A rare Rolex watch which was bought for £60 in 1965 has sold for more than £82,000.
The Rolex Oyster Submariner timepiece is a ‘369’ Explorer version that was made by the iconic Swiss watch manufacturer in 1964.
It fetched a hammer price of £65,000, but auction fees pushed the final figure to a staggering £82,160 at Gardiner Houlgate Auctions in Corsham, Wiltshire.
This is an eyewatering 1,370 times more than what the vendor, an elderly man from Bournemouth, Dorset, paid for it.
A watch specialist called it an ‘Antiques Roadshow moment’.
The Rolex sold for £65,000, but auction fees pushed the final figure to a staggering £82,160. This is an eyewatering 1,370 times more than what the vendor paid
The ‘stand out’ aspect of the watch is the dial design. The watch company experimented with having the three, six and nine on the black dial in digits rather than the traditional baton markers used to mark the hours
The ‘stand out’ aspect of the watch is the dial design. The company experimented with having the three, six and nine on the black dial in digits rather than the traditional baton markers used to mark the hours.
Rolex soon reverted back to using the standard 12 batons after a backlash from their wealthy customers.
As a result, ‘369’ watches that exist today are considered quite rare and highly sought-after among collectors.
Up until recently, the original owner wore it virtually every single day.
The man was a model maker by trade and worked originally for the British Railway Model Department.
He later joined the modelling workshop of Gerry Anderson who created ‘Thunderbirds’ in the 1960s, which is when he bought the Rolex for a jeweller in London’s Bond Street.
The stainless steel watch was acquired by a collector in the United States.
Up until recently, the original owner wore it virtually every single day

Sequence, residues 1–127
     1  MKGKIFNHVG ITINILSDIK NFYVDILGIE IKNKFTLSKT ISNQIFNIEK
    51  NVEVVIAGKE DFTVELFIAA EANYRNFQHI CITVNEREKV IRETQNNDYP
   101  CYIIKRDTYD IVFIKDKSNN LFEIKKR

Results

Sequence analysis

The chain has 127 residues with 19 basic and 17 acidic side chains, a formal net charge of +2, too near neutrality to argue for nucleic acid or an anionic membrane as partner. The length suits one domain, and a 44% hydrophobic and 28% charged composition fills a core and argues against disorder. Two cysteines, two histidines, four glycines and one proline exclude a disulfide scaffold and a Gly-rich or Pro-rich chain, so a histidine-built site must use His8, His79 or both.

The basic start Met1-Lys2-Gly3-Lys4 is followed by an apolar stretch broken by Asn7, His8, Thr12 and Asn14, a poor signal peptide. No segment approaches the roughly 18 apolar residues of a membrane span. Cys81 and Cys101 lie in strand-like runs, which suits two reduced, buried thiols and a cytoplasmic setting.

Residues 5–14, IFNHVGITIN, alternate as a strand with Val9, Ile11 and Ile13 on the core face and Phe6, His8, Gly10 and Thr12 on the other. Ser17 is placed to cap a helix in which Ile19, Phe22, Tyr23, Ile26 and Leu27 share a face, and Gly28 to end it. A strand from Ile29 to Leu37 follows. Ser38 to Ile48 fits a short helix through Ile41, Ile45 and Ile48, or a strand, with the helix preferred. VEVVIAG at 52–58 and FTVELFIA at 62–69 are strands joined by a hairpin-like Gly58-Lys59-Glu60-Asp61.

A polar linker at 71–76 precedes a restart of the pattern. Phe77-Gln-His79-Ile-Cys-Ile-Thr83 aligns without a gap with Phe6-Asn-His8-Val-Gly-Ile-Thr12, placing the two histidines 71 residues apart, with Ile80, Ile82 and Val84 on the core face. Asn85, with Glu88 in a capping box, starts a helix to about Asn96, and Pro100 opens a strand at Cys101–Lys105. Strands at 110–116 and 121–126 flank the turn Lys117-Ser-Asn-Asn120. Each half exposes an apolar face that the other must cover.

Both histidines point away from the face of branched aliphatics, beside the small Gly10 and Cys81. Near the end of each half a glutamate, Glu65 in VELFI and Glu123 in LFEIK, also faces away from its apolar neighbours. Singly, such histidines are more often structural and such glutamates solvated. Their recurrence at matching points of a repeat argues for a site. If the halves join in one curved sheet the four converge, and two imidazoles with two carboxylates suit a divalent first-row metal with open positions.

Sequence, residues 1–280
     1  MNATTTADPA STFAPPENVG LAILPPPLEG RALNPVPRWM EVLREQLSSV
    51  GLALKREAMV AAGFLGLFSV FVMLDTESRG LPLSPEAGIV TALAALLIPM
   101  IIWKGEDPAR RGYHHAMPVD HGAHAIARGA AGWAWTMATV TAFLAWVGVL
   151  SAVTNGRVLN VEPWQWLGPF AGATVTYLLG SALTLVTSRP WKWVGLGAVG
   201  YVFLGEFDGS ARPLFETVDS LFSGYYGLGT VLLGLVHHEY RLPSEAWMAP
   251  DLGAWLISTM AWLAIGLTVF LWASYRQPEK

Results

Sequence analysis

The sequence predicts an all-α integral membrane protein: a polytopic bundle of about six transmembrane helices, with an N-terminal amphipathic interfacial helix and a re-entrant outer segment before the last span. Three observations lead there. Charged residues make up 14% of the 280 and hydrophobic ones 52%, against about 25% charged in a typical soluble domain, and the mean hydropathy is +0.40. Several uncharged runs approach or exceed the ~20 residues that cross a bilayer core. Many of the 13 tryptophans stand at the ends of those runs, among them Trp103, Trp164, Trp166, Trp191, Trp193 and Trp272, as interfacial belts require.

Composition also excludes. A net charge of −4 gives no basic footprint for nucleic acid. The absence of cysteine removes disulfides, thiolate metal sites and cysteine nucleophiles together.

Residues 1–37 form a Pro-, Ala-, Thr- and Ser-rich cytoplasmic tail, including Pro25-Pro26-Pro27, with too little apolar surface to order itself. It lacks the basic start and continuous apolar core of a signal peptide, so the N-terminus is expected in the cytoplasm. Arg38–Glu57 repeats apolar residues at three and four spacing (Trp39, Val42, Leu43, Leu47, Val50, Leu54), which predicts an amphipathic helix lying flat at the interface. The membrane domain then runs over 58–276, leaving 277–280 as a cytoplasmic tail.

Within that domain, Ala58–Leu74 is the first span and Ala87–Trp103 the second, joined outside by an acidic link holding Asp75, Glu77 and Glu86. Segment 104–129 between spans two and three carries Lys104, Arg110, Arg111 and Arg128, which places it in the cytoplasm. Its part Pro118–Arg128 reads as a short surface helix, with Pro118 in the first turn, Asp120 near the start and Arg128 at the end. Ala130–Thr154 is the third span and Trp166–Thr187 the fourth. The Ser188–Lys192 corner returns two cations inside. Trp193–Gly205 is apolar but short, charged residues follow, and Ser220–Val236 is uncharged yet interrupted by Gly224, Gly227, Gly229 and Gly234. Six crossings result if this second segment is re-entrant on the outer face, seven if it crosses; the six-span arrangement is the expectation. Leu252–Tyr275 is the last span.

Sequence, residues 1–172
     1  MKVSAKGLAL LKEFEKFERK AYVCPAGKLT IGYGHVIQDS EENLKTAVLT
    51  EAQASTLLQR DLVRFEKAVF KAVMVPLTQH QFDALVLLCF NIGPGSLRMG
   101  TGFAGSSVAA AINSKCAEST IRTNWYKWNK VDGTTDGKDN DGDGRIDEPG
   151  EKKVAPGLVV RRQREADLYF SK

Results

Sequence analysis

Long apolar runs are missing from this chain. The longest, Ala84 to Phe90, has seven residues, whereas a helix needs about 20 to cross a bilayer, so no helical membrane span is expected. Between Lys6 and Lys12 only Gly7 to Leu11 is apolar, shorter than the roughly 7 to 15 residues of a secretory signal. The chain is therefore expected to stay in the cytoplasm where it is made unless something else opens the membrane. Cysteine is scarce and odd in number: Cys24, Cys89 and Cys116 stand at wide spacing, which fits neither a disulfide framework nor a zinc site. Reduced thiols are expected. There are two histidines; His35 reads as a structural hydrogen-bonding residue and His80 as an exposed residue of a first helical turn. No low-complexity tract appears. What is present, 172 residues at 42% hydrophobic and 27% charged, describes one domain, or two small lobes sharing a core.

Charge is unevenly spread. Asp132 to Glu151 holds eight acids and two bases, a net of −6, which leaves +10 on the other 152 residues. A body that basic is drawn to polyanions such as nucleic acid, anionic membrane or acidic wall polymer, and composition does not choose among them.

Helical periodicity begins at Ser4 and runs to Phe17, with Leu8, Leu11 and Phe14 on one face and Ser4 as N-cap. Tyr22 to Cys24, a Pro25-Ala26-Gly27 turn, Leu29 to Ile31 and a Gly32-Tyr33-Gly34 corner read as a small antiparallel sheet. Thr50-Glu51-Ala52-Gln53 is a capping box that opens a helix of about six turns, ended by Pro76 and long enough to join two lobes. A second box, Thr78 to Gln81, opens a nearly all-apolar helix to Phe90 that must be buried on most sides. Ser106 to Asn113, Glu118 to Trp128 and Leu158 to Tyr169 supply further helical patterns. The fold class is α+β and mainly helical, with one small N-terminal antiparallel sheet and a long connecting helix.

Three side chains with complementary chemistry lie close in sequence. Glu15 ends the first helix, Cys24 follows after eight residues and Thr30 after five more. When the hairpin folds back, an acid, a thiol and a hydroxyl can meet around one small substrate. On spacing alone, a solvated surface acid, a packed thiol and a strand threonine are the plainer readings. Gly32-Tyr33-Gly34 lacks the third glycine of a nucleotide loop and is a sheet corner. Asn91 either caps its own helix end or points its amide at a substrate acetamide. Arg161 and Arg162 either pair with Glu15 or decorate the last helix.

David Hare, watch specialist at Gardiner Houlgate, said: ‘It was bought by the owner for £60 so it is not a bad investment.
‘The stand out thing about this Rolex model is the dial. It has got an Explorer dial with three, six and nine in digits rather than batons.
‘The Explorer range was experimental but Rolex realised it wasn’t that popular so they scrapped it after a couple of years and that is what gives this watch its value.
‘Also Rolex offered a service to replace the dials once they had become damaged. This one has got its original dial. It also has its original case which is a bit battered.
‘The owner hasn’t worn it for a while but it was very much his everyday watch.
‘It never ceases to amaze me that despite the rarity of these models, we keep finding them!
‘Viewing this particular dial out of the case I have to say the gloss and condition is remarkable and just what the top collectors seek.
‘This is a fantastic result and our client who will be delighted to have such a positive return from his initial £60 purchase back in 1965.
‘Considering the current economic climate, vintage Rolex watches continue to attract high demand from all four corners of the globe and it is just amazing when these examples appear, a real “Antiques Roadshow” moment.’